J. Larson & J. Marsh (2005). Making Literacy Real: Theories and Practices for Learning and Teaching. London: Sage.
As the authors of this book point out, undergraduate education students often struggle to see the relevance of theory and its connection to classroom pedagogy. To address this problem, Larson and Marsh effectively link current literacy theories with explicit examples of teaching and learning in contemporary classrooms to clearly demonstrate the notion that 'theory is practice and practice is theorised as practice is transformed over time' (p. 2).
This book is divided into seven chapters. In Chapter 1, 'Orienting Perspectives', Larson and Marsh begin by providing an overview of traditional reductionist approaches to literacy education. Here the authors note the shortcomings of such models, which have been based on cognitive psychology research. They argue that the traditional 'transmission of knowledge' approach, which focuses on developing individual students' discrete literacy skills through isolated and repetitive practice, ignores current understandings of the social nature of learning and literacy practice. As a result of this instructional approach, many learners, particularly those non-white middle class students who don't demonstrate normalised development of these skills, are labelled 'at risk' and suffering from some kind of learning deficit (p. 5). In contrast, the authors foreground four current theoretical frameworks: New Literacy Studies (literacy as social practice), Critical Literacy (literacy as political practice), New Technologies and Literacy (literacy as technology-mediated practice) and Sociocultural-Historical theory (literacy as changing cultural/historical participation), that underpin the subsequent chapters of this book.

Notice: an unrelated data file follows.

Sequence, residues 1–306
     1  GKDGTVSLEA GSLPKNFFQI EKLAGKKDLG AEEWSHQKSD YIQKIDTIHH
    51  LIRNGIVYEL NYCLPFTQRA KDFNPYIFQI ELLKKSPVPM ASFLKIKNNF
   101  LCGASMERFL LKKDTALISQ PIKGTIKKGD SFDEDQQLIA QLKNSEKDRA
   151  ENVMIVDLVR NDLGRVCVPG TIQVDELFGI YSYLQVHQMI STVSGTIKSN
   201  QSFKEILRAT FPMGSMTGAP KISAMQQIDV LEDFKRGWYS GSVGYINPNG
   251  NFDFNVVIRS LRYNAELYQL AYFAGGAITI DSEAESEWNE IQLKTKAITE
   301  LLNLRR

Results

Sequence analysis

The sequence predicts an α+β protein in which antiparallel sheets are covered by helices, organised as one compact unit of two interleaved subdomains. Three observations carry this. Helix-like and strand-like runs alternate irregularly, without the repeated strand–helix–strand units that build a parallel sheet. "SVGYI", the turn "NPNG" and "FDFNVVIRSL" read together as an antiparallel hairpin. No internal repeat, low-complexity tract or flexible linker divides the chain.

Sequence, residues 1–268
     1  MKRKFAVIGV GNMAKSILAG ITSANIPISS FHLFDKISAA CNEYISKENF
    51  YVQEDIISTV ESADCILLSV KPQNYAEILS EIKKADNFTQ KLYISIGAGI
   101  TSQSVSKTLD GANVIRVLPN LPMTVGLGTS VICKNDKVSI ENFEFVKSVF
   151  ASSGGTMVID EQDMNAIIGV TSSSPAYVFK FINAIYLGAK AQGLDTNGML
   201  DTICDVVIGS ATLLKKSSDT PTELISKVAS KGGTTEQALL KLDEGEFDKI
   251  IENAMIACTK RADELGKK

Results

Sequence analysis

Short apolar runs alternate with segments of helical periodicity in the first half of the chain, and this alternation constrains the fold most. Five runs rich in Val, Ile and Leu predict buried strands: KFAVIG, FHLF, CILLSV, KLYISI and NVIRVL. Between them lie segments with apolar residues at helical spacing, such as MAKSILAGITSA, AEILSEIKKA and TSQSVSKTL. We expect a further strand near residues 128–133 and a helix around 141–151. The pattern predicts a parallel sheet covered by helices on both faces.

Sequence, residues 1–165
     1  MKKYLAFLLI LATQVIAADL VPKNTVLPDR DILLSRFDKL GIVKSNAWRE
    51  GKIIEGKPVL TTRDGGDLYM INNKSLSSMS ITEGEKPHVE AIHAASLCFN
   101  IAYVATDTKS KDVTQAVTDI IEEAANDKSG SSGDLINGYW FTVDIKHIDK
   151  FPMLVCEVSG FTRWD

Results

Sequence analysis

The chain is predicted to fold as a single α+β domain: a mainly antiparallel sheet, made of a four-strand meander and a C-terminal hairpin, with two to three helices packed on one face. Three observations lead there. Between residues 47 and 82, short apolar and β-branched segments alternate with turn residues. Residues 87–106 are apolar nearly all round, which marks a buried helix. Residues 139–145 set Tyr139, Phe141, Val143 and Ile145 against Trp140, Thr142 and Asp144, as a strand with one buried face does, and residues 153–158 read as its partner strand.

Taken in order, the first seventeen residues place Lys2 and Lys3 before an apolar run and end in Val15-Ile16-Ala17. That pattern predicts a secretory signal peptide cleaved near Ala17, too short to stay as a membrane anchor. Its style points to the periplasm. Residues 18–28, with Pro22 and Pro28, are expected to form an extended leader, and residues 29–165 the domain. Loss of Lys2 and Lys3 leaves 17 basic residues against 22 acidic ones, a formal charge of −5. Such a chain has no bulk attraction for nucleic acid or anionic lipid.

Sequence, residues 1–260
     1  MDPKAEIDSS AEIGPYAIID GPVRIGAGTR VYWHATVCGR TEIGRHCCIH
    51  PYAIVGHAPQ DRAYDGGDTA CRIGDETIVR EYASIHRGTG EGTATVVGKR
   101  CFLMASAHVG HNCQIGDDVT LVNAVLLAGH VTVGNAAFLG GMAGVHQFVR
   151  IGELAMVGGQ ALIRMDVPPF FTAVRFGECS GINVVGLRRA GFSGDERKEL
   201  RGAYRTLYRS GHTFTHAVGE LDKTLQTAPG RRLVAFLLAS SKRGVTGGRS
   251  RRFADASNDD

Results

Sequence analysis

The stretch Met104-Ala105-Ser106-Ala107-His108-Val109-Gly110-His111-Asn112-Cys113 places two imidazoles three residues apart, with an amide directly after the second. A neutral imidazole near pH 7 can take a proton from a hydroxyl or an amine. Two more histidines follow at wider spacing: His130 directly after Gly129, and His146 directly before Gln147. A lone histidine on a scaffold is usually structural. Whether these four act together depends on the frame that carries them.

In the next four chapters, Larson and Marsh examine each of these four frameworks in detail. They begin by discussing the historical background of each model and the key research studies that have informed each model's development. They then outline the core principles of each framework, highlight their implications for literacy pedagogy, and suggest possible ways of connecting each model to classroom teaching practices. Rather than leaving the examination of each model at that: a theoretical discussion, the authors go further by providing case studies of actual classroom contexts where teaching practices are informed by the different models. It is these sections in particular that neophyte and experienced teachers should find enlightening in terms of providing concrete links between theory and practice. Each of these four chapters concludes with an interview with a leading scholar whose work has informed the particular theories. …